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Tasks for resource are all concurrent, not sequential

Posted on 2006-06-20
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Last Modified: 2013-11-15
Configuration: Win XP Pro; Project 2003 Standard

Project parameters: Using standard calendar customized with 6-hour workdays. Each (human) resource has a custom calendar with vactation days. All tasks are set up to be completed "as soon as possible" and are "Fixed Units" and "Effort Driven."

Problem: Each resource's tasks should be automatically arranged sequentially so that the person is not tasked for more than 6 hours per work day. Instead, Project left all tasks for each resource on the same day, resulting in hundreds of hours of work associated with a single person on a single day.

Attempted resolution: I used resource leveling. This worked for one person's tasks, but not for anothers. One person's tasks are still concurrent (all on the same day). Project recognizes this as over-allocation of work to that resource, but provides no effective hints for how to resolve it.

Additional information: I don't want to set up explicit dependencies for each resource's tasks because task assignments are subject to change. Project is supposed to be able to do the task sequencing automatically (The Complete Idiot's Guide to Project Management with Microsoft Project 2003, p. 149).
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Question by:harrismarkc
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Expert Comment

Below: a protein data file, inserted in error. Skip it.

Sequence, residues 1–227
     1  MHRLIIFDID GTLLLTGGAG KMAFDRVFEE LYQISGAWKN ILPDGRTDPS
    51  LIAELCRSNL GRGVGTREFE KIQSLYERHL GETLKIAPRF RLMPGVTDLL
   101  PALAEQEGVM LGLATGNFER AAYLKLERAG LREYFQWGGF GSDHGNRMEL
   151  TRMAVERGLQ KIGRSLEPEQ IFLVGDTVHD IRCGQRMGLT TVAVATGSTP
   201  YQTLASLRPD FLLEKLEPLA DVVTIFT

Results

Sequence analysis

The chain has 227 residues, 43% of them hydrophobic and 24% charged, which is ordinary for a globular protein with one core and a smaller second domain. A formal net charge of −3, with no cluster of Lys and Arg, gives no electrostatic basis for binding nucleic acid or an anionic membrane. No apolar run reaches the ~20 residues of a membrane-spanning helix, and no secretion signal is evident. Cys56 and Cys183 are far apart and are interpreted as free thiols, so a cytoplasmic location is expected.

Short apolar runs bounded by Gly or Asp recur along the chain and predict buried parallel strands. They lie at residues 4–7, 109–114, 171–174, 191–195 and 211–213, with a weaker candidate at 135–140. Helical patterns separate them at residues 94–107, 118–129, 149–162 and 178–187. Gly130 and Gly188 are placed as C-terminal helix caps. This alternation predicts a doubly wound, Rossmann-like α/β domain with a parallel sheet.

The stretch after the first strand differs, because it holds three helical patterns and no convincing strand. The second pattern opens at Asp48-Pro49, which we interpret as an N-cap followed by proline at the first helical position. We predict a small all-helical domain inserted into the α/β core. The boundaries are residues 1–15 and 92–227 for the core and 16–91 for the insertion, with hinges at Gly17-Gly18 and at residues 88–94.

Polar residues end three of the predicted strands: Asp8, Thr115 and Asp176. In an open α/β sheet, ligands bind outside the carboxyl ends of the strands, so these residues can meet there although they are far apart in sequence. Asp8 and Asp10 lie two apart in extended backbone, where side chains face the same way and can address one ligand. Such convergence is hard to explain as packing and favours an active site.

by:harisrashid
ID: 16944303
hi,

the right way to get tasks flowing in a sequence is to have task dependencies defined. Since you do not want dependencies and your task assignments are subject to change, you will have a floating schedule all through the project that you will fix throughout the course of the project. To do so you can define, constraints to tasks (or fixed start dates) that you change according to what you mentioned as "task assignments are subject to change".

You can also create links between project task dates. Copy the Finish field of a task and click PASTE and select special. Now paste to the Start field by selecting paste link. The end of a task will then define the start of the next task automatically.

It will be better to define the dependencies and change the dependencies when the assignments change. This way project will keep updating the task sequnces and parallel tasks.

you will define dependencies among the tasks so that Task B starts when Task A is finished and so on. This will allow the resource to complete one task and move to the other without causing overallocation.